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Hill Sprints

Hill Sprints

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Published by Jeff Gaudette
Benefit of short, explosive hill sprints for runners
Benefit of short, explosive hill sprints for runners

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Published by: Jeff Gaudette on Jun 08, 2009
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02/09/2010

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Explosive Hill Sprints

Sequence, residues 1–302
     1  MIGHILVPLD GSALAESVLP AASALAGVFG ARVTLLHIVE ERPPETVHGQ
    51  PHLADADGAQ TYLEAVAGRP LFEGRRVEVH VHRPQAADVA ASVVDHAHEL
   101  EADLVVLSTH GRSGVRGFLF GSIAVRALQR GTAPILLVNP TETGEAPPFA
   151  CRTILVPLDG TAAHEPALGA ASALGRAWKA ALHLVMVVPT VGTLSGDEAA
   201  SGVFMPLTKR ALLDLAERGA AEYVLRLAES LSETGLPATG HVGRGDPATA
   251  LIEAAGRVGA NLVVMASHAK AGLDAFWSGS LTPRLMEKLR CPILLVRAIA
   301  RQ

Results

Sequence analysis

An article by Jeff Gaudettehttp://www.premiercoachingonline.comI have recently begun assigning many of my athletes hill sprints after alot of research and experimentation on myself. Specifically, Theirschedules have them run between two and twelve 10-12 second hillsprints up a steep incline at 95% effort with full recovery. When I firstassign this workout a lot of the athletes think I must be crazy when Iask them to interrupt a distance run for 2x10sec hill sprints. To them,and to me at first, it would seem to be a big waste of time. However,this article will put to rest those inhibitions and shed light onto thebenefits of this new idea.I first heard about this idea from Brad Hudson, former coach of DathanRitzenhein and the current coach of James Carney, about 5 years ago.Over the last few years I have begun to conduct my own evaluation of the research to see if this was a useful and practical training tool. Aftersome extensive reading I do believe that the physiological andneuromuscular benefits of these sprints are numerous and can serveas a critical piece into most athletes training systems. There are three main benefits that come from doing the hills sprints.First, there is the strength building and injury prevention aspect,second there is the neuromuscular development, and lastly there arethe cardiovascular adaptations. The most obvious training aspect of the three is the strengthdevelopment. Hill running is the most specific form of strength trainingthat a runner can do. We can do squats, lunges, and hamstring curlsuntil our muscles sear but nothing compares exactly to running. Whenyou run up a hill there is an increased resistance and thereby anincrease in specific running strength. The explosive reaction caused bythe lifting of the hips, glutes and quads up the hill utilizes the sameprinciple mechanics behind doing plyometrics.However, what a lot of runners don’t realize is that these hill sprintscan help ward of injury as well. Running no more than 10 secondsensures that there is no lactate build-up in the muscles and littlefatigue, the main culprit behind most overuse injuries. In addition, thehill shortens the distance your foot has to fall or land before it hits theground, thereby decreasing the amount of shock on the body.Additionally, if the sprints are progressed in a safe and appropriate

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